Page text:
During my childhood days (late 90’s to early 2000’s), the nearest major shopping centers were Festival Malls or Metropolis (before it was renamed Starmall) in Alabang, Muntinlupa City. If you’re an adventurer, there’s SM Megamall or Glorietta Malls in Makati City (at least, until SM Mall of Asia opened in 2006).
In our socio-economic perspective, large shopping centers have become more than simply a place to shop or hang out but a measuring stick of a city or town’s progress. Aside from the ubiquity of Jollibee branches (San Pedro City, for instance, now has six Jollibee branches), the presence of large malls has become a gauge of a city’s economic stability.
It was thus a point of pride for San Pedrenses when Robinsons Galleria South Mall was finally opened in 2019.
Sure, it’s not SM or Ayala Malls, but the simple fact that we now have a major shopping center is something to be bragged about, especially in a city that had been the last among the five in Laguna’s “industrial belt” to become one.
In fact, when you say “Galleria” in San Pedro City today, they now meant the local Robinsons Galleria South Mall instead of the Robinsons Galleria Mall in EDSA-Ortigas.
As far back as 2019, however, as our publisher, Mr. Ray Junia, has pointed out, major shopping malls and retail outlets have slowly shifted their focus.
Instead of building large complexes like SM Mall of Asia, for instance, mall chains are now looking into “mini-malls” right inside residential complexes or highly dense urban areas.
Two such examples of mini-malls now exist in San Pedro City – Harmony Mall near Calendola Village and the soon-to-be-opened SM Center San Pedro near the PUP San Pedro campus.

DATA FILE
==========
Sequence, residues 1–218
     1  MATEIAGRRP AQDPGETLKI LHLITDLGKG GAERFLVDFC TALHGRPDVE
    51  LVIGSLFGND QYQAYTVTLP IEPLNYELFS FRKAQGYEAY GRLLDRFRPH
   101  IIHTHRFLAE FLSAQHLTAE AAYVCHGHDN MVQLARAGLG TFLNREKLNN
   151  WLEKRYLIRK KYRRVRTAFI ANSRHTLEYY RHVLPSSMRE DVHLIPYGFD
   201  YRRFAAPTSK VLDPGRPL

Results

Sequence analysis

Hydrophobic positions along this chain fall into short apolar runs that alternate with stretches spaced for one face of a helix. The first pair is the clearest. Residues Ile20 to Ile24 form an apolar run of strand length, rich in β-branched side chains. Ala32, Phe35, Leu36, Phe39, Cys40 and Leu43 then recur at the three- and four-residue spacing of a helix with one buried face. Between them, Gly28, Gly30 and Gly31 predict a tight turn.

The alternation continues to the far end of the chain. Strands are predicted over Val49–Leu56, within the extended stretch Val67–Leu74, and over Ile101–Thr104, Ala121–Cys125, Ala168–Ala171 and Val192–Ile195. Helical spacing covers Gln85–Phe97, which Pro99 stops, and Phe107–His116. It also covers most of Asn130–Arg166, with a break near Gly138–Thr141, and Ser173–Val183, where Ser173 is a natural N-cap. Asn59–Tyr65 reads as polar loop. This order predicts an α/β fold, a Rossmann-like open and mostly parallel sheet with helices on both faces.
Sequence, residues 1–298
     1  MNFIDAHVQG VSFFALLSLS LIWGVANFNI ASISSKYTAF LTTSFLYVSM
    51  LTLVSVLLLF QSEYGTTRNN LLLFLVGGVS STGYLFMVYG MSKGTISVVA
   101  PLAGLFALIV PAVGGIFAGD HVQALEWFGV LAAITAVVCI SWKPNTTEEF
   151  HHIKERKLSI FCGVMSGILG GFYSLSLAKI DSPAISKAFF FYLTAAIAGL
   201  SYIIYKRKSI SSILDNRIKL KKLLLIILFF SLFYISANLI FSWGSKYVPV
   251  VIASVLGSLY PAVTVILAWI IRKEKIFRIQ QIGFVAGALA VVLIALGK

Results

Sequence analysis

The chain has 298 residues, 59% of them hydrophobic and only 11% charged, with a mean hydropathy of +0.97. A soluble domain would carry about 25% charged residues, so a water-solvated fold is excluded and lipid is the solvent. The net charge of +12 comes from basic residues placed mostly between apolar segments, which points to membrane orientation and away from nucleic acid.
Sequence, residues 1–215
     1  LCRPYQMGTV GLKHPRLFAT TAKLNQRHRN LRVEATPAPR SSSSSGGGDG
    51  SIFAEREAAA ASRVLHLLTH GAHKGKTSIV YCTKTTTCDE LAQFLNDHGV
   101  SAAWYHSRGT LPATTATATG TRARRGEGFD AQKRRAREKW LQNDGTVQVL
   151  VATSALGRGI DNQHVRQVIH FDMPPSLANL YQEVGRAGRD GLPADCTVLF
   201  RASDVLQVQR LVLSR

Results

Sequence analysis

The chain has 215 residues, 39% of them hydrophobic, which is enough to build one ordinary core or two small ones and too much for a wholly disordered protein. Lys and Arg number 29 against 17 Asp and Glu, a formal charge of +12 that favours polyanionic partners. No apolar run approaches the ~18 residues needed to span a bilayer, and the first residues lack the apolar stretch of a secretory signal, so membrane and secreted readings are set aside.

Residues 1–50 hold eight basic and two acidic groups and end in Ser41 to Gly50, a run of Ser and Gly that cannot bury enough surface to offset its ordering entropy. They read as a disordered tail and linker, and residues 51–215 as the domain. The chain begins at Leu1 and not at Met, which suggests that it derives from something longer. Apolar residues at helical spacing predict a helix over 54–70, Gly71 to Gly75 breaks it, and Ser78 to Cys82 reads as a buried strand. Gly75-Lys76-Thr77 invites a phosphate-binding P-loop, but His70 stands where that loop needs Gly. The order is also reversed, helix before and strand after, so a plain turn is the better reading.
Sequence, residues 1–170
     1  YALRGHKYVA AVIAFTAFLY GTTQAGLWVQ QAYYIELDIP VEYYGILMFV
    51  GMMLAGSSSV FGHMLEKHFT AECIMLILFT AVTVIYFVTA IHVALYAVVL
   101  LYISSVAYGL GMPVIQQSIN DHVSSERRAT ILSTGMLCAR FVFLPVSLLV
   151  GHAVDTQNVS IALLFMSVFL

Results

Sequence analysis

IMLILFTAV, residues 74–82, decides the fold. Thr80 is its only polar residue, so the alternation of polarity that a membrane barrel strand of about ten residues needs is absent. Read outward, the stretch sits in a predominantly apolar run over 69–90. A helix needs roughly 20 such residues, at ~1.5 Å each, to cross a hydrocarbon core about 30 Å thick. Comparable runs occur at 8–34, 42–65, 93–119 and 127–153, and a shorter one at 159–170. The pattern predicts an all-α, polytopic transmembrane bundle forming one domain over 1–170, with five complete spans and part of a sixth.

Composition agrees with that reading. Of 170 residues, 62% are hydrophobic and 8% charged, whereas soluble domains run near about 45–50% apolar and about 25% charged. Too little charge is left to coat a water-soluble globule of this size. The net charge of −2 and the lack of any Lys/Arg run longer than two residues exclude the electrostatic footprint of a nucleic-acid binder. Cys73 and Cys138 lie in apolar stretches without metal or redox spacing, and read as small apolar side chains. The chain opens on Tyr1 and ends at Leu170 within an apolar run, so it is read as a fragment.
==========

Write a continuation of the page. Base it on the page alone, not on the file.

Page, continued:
Meanwhile, large grocery chains like Puregold, Alfamart and Dali have also embraced the “mini-mart” concept, as evidenced by the sudden appearance of small groceries run by these chains in various villages here in the city.
While the presence of these so-called “mini-malls” and mini-mart chains have meant convenience for many residents who no longer have to go out to the city proper to shop, some are worried that this trend might kill off small businesses – most particularly the traditional “sari-sari store.”
There’s no doubt that these mini-mart chains provide employment and livelihood for local residents. But what about small businesses who often sell traditional products like, say, “kakanin” or handicrafts?
Here’s a suggestion for our local government units who are currently doing their best to promote their towns and cities through the Department of Trade and Industry’s (DTI) One Town, One Product (OTOP) initiative: Maybe we could reserve spaces or aisles inside our minimarts or shopping centers dedicated exclusively to our local produce?
#UncommonSense #JamesVeloso #MallsAreNowMovingIntoVillages #OTOP #OpinYon